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Pop Culture Pie Essay

1655 words - 7 pages

Somewhere in my attic, there is a population of trolls consorting with an entire menagerie of My Little Ponies. They stand amidst the rubble of Lincoln Logs and Lego's, while an old Lite Brite keeps watch from a distant corner. These are remnants of a childhood gone past; one filled with Teenage Mutant Ninja Turtles and Barbie's; a place where Inspector Gadget rules the world and New Kids on the Block forever plays in the background. This is the setting for the early days of my generation.This was a pivotal time in America's history. The stock market was rising, Clinton took over as president, and our knowledge of science was expanding. Grunge came on to the music scene, and bands like ...view middle of the document...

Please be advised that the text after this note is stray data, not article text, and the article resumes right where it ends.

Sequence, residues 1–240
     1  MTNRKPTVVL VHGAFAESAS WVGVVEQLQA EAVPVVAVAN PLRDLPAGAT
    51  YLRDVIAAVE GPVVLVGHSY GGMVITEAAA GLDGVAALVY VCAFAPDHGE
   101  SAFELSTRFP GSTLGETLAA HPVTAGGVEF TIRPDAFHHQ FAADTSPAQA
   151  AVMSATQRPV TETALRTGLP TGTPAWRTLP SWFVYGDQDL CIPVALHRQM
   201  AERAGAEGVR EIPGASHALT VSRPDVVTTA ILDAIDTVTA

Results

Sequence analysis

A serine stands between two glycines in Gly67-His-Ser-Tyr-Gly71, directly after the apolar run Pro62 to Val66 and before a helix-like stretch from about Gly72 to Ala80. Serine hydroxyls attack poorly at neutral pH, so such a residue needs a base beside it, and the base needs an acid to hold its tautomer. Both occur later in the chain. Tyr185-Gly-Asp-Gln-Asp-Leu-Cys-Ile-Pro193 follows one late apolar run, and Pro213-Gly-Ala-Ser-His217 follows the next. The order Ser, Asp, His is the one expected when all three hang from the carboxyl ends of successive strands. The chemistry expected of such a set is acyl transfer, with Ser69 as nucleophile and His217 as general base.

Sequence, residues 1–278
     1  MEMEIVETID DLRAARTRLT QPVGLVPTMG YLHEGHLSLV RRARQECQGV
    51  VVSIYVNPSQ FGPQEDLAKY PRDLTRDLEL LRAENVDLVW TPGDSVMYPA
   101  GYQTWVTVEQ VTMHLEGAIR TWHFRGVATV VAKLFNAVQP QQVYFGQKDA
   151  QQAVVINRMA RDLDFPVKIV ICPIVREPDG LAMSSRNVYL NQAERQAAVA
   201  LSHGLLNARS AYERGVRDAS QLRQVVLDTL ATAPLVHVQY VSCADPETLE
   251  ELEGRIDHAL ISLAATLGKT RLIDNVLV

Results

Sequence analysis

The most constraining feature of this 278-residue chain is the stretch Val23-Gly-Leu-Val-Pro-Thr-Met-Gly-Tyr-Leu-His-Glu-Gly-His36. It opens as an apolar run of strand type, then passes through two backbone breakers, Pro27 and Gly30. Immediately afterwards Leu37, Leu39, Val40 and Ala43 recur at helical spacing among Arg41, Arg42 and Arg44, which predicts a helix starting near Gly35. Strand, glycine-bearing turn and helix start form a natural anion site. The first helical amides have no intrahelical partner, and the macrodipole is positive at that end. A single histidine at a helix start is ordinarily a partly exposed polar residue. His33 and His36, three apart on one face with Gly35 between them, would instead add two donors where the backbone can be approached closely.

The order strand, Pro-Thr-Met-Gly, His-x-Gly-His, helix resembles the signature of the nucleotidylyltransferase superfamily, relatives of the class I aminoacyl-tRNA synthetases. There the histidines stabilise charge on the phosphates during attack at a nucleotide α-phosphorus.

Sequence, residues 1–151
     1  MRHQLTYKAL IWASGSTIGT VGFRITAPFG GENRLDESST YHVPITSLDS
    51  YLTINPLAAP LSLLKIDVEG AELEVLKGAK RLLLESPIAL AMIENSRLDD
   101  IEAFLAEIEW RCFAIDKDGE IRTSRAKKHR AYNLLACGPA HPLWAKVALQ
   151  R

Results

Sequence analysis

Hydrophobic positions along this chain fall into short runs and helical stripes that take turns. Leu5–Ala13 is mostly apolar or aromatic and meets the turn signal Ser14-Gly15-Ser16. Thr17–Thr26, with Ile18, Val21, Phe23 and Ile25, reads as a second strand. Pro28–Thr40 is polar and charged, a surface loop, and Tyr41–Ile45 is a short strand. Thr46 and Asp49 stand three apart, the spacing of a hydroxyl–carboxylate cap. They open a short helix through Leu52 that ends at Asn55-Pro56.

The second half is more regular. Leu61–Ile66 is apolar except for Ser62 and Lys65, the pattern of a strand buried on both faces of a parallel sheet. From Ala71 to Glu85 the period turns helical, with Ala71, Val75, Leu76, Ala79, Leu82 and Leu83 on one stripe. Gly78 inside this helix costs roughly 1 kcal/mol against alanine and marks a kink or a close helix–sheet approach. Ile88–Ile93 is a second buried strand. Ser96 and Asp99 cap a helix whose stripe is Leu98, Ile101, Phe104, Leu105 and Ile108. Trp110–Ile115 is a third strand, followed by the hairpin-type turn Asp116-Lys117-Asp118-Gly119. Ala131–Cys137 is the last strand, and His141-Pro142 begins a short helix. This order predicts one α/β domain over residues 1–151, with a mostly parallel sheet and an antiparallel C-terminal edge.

.. and training wheels, of course.The best thing about childhood might be the fact that we're given a short period of time - just a fraction of our lives - when we are completely innocent. We have this incredible gift of being devoid of worry and stress, and we just get to be... ourselves. We can be whatever we want to be, whether that is a doctor or superwoman... even if it's only in our minds. We don't care what people think about us, or what everybody is saying. There is so much that has yet to be determined that we have the chance to do, well, anything. Nothing is definite. All things are possible. Depending on what we discover, the future could hold whatever we wish. We could fly to the moon or swim on the bottom of the sea. All we need to do is follow the yellow brick road, and the next stop is sure to be Oz.Much of who we are and what we become is determined when we are young. We absorb everything around us; our environment determines our future. When I was five years old, I loved to read. I must have owned a copy of every Bernstein Bear book ever printed. While I have moved from Stan and Jan Bernstein to Hemingway and Shakespeare, I had to learn to read somehow. If I didn't start out with Brother and Sister Bear, I could never have moved on to Hamlet and Ophelia.We are so impressionable in our youth that we are educated by everything we come in contact with, from storybooks to TV shows. I mean, those of us who were born in the 80's should be known as the "Muppet" generation. Every fifteen-year-old in America could probably sing the Muppet Babies theme song on command. Exposure to these types of shows taught us lessons in life. All of the Muppets were different: Kermit was a frog, Miss Piggy was a pig, and Gonzo was... something. They were all unique in their own way, with their own color and size and personality. But their diversity brought them together, and they genuinely liked each other. They used their imaginations. They laughed. They sang when they wanted to. This group of "imaginary" cartoons did what so many real people neglect to do: accept one another, despite differences, and simply lead a positive life. At such a vulnerable age, young television-viewing children are learning lessons from a group of multicolored, creative "people" who aren't really people at all.My childhood encouraged me to grow into an overachieving, somewhat quirky person who always has the best of intentions. I tend to dream big, and to have the will to achieve my aspirations. Honestly... I could be worse. My parents loved me, and nothing too traumatic happened when I was growing up. I was lucky. While I was playing with baby dolls, real babies were born with drug addictions. I had a nice, warm home; elsewhere, children my age were living on the streets. There was disease and abuse, which I knew nothing about. I was, and still essentially am, an extremely sheltered person. I was fortunate not to have had to experience this "other" way of life. It does not...

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